Thanks to a compact power system and a rechargeable nickel hydrogen battery located under the front cowl, the hybrid scooter is about the same size as Honda's standard-size 50cc scooter (the Dio Z4) and is only 10 kg heavier. The hybrid scooter's internal combustion engine and direct rear-wheel-drive electric motor function in two distinct modes. In series mode, when riding on flat ground and when high output is not required, the engine alone powers the electric motor.

In parallel mode, used during acceleration and when high output is required, the electric motor assists the engine. In parallel mode, an electronically controlled belt converter automatically selects the optimum assist ratio.

To make the most efficient use of energy, the hybrid system charges the battery during deceleration and whenever possible and utilises this power when higher output is required.

In addition, the scooter enters idle stop mode, when the scooter is stopped, and whenever power is not needed, during deceleration.

These advanced features allow the hybrid scooter to achieve 1.6 times the fuel economy of the Dio Z4 - a scooter that will consistently offer better than 100 mpg.

Electric Moped Prototype

Last on Honda's announcement list was an environmentally-friendly electric moped prototype designed for inner-city commuting. It is only a matter of time before Yamaha and Honda start producing really good electric motorcycles - this prototype indicates they are one step closer to the production of a mass-market electric bike.

With a length of 1,290 mm and weighing 44 kg, the Moped-EV is compact and light. Its nickel hydrogen battery, located inside an aluminum frame, is extremely light, dissipates heat efficiently, and, at 360 watt-hours, offers exceptionally long life.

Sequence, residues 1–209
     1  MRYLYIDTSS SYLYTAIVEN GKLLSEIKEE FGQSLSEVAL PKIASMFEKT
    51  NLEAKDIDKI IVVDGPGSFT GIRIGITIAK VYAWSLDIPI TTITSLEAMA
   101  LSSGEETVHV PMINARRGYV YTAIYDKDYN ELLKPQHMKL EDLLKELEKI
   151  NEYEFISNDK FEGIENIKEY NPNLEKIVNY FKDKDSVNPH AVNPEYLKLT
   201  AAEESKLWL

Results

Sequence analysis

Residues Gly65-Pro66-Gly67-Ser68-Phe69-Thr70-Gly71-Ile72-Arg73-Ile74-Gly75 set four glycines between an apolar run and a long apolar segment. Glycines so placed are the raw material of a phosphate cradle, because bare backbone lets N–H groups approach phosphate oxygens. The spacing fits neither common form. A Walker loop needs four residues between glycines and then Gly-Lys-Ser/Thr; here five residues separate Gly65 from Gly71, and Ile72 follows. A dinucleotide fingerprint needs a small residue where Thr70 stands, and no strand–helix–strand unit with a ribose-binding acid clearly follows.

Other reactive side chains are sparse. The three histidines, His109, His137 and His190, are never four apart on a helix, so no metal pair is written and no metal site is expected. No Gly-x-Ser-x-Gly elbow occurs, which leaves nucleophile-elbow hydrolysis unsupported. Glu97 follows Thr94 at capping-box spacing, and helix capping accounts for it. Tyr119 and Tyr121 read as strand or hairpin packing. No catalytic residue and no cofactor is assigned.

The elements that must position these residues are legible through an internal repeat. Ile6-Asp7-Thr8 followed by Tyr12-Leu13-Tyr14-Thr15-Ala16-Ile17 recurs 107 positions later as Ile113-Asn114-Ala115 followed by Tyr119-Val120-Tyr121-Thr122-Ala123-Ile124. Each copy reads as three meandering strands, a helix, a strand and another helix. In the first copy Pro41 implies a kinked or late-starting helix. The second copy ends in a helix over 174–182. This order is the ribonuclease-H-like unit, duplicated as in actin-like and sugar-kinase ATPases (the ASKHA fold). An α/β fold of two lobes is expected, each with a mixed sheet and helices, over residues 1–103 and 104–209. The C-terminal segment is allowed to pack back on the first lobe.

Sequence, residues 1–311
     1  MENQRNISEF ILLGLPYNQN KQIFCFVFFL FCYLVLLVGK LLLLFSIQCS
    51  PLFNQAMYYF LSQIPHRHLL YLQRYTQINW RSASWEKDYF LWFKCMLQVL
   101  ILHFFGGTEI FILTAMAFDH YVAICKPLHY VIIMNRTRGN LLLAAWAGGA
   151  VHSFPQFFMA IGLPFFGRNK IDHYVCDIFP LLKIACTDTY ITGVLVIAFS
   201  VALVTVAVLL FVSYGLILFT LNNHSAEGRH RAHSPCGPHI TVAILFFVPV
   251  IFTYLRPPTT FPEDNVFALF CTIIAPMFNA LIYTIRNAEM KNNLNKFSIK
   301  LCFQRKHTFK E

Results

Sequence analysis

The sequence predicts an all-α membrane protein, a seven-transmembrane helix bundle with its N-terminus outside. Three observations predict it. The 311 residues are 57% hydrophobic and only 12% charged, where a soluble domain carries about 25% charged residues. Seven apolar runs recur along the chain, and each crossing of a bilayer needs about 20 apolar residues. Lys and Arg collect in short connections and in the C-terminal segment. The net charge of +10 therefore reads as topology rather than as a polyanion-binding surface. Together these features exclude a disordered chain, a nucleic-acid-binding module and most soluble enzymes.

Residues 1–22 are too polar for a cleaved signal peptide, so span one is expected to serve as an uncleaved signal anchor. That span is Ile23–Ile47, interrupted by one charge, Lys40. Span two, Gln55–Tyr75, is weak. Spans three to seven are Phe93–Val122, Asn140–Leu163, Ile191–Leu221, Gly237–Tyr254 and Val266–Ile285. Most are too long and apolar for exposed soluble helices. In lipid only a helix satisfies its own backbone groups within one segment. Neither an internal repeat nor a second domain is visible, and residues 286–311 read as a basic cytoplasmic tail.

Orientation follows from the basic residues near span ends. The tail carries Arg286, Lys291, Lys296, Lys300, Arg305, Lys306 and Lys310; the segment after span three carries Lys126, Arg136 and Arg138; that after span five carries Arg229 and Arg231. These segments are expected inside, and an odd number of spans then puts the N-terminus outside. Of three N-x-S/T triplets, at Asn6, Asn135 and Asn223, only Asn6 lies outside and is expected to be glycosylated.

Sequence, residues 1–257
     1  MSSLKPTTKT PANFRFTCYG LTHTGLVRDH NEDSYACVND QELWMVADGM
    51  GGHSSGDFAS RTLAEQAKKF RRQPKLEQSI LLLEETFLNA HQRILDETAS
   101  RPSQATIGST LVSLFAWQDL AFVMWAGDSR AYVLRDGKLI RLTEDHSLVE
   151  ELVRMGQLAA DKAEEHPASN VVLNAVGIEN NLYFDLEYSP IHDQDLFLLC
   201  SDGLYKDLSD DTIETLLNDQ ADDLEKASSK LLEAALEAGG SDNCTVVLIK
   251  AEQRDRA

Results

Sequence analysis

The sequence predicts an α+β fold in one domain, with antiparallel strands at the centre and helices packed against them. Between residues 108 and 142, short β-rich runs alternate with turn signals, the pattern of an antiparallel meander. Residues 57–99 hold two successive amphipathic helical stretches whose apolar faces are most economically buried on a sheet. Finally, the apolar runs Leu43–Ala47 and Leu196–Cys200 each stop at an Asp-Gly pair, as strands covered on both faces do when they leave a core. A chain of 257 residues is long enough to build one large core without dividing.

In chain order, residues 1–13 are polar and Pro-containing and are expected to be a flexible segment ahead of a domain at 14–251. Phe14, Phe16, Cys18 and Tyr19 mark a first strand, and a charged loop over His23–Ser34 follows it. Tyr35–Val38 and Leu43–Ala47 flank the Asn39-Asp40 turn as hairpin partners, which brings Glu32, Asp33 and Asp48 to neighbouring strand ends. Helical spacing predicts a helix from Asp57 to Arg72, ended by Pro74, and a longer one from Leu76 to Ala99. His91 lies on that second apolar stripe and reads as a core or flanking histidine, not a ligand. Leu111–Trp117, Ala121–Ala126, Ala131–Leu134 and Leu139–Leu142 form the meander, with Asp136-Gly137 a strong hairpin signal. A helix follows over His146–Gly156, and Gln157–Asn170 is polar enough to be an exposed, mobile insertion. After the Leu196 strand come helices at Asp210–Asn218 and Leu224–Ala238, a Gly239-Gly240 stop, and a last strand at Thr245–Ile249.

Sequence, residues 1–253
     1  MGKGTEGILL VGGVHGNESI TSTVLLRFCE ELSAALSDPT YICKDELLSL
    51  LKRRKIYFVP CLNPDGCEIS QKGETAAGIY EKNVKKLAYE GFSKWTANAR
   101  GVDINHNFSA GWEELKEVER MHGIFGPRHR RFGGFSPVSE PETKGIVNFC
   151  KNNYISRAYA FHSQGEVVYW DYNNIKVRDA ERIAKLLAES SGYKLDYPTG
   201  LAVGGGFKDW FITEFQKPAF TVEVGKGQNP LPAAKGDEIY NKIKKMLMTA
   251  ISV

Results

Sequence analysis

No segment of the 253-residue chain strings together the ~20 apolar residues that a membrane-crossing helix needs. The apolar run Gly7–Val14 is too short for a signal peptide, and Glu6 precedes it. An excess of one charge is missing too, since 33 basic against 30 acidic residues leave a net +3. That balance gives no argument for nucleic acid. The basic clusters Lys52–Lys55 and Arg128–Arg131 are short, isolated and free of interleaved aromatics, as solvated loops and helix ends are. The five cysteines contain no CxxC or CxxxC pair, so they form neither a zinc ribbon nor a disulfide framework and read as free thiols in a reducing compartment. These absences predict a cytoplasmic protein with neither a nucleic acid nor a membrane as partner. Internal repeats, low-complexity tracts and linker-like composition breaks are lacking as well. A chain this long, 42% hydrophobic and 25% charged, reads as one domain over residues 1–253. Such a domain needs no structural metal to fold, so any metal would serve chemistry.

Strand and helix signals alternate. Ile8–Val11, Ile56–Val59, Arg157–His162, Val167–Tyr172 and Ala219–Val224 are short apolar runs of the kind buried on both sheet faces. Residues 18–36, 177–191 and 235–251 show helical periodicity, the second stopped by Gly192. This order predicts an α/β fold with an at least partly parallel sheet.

Powerful enough to climb a twelve-degree incline, the electric moped offers performance comparable to that of an internal combustion engine bike of the same class.

Unlike most other bikes, which employ a grip throttle, the Moped-EV features a two-stage lever throttle located beneath the right handlebar. Worked easily by the thumb, the lever throttle helps make riding easy even for less-experienced riders.

The Moped-EV features a unified module in the rear swing arm that integrates the motor with a controller, which regulates the driving functions and the discharge and recharging of electricity.

Honda has long conducted research into the development of next-generation power sources that reduce noxious emissions and help slow global warming. In 1994, Honda developed the CUV ES, an electric scooter leased to government institutions. Following in the tracks of that revolutionary vehicle, the Moped-EV is designed to offer quiet, clean riding both for commuting and recreational use.

About the Author
Mike Hanlon After Editing or Managing over 50 print publications primarily in the role of a Magazine Doctor, Mike embraced the internet full-time in 1995 and became a "start-up all-rounder" – quite a few start-ups later, he founded Gizmag in 2002. Now he can write again.   All articles by Mike Hanlon